Illinoisans vote in primary election amid coronavirus pandemic
Campaign signs mark the entrance to a polling location in Springfield where Illinoisans voted in Tuesday's primary election. (Capitol News Illinois photo by Ben Orner)
Low in-person turnout expected, but early and mail-in voting high
By BEN ORNER
Capitol News Illinois
SPRINGFIELD – The outbreak of the novel coronavirus disease, COVID-19, in Illinois has shut down schools, businesses, restaurants, bars, universities, sporting events, state parks, libraries, museums, historic sites, casinos, courts, concerts, conventions, churches, prison visits and even the General Assembly.
But it did not stop democracy.
People across the state went to the polls Tuesday to vote in a primary election in which the daily spread of the novel coronavirus seemed to overshadow the candidates.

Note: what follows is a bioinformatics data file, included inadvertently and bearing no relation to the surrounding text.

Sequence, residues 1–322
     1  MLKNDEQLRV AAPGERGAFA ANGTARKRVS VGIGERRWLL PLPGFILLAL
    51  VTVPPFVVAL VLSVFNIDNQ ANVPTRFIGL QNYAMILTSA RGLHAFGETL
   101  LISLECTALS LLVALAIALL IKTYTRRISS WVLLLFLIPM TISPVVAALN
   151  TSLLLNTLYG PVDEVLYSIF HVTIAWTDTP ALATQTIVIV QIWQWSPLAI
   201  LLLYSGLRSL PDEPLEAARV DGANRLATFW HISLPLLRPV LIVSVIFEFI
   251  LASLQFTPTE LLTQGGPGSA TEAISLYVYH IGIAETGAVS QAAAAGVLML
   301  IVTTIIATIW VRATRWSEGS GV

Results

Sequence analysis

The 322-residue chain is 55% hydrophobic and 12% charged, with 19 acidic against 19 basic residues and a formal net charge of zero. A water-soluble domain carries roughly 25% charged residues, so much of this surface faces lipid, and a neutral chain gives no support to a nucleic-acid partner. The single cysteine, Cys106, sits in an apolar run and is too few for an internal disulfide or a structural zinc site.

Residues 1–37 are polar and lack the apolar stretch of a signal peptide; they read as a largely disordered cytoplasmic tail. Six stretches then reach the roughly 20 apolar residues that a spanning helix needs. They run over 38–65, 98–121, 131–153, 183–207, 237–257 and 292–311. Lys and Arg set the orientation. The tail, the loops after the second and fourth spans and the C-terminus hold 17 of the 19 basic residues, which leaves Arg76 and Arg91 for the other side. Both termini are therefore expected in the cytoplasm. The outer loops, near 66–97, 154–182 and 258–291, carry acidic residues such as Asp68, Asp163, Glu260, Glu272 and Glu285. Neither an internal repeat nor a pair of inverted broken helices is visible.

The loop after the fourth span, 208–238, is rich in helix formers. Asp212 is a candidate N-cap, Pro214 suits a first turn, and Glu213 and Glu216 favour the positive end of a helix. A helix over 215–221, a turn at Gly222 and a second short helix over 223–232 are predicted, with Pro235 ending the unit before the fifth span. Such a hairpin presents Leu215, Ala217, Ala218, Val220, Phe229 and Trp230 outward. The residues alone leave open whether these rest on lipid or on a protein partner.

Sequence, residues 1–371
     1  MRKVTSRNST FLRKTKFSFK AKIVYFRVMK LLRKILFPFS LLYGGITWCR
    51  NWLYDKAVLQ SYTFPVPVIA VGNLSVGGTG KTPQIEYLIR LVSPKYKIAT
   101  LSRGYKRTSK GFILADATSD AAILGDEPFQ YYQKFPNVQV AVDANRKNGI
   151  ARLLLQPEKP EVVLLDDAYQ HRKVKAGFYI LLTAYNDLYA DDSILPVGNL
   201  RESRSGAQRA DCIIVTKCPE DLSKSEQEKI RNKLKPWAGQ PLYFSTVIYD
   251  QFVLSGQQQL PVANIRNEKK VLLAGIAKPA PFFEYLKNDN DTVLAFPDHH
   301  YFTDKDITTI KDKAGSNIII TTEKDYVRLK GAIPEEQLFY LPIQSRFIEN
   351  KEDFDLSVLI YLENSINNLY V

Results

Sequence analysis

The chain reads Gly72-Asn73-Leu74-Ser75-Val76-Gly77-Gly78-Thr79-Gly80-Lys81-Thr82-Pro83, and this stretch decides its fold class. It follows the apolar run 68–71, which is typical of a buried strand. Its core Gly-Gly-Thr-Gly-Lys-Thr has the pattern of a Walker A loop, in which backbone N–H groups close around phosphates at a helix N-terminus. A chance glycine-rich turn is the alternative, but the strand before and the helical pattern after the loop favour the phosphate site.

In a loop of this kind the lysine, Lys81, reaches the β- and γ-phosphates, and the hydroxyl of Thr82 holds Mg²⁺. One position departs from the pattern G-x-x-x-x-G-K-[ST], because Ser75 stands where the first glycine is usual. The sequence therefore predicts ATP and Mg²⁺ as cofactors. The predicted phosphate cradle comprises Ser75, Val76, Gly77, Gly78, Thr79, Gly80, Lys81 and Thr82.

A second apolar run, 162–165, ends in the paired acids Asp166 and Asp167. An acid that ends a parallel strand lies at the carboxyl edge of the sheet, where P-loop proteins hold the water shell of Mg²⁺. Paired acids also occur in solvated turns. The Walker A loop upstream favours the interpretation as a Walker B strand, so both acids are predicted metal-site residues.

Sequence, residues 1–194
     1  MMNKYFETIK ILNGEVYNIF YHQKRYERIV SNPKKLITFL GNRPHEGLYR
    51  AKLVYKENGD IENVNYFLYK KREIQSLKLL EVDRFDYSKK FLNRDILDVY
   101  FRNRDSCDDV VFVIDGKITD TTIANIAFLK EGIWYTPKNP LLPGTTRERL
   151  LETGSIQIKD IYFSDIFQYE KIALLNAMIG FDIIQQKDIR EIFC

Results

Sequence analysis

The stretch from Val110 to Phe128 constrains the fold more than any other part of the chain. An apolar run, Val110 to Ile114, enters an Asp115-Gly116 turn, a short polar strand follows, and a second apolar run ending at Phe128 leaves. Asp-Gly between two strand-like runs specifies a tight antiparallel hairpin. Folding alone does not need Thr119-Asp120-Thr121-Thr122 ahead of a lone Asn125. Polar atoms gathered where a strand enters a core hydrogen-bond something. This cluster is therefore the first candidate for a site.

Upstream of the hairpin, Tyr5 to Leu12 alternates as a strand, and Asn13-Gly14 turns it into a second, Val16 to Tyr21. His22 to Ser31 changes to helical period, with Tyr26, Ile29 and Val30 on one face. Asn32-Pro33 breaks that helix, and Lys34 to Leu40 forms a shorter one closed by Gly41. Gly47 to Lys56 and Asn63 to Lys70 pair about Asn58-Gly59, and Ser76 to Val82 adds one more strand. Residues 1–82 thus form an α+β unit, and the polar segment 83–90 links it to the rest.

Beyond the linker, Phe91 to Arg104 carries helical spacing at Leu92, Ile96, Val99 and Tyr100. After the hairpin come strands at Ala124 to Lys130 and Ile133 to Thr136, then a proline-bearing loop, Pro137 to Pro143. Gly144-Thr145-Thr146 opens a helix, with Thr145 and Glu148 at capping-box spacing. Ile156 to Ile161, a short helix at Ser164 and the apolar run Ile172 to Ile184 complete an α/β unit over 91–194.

“It’s still your public duty to go vote, regardless of an outbreak,” said Chris, a Springfield voter, as he exited his polling place Tuesday morning.
The traditional “I Voted” stickers were accompanied by disinfectant wipes and hand sanitizer. Some poll workers wore surgical gloves and facemasks.
“I used the sanitizer. I grabbed a wipe, I put it around the pen,” said Sharon, a Springfield voter. “I’ve gone to the grocery store, I mean, I can come here.”
Matt Dietrich, spokesperson for the Illinois State Board of Elections, said federal and state social distancing guidelines were satisfied thanks to added health precautions and lower voter turnout, which is not uncommon during primary elections
“We believed that the voting process in a primary election was roughly analogous to a restaurant takeout transaction, or rather visiting a grocery store,” he said.
Chris, the Springfield voter, said voting in Tuesday’s primary felt the “same as voting any other day.”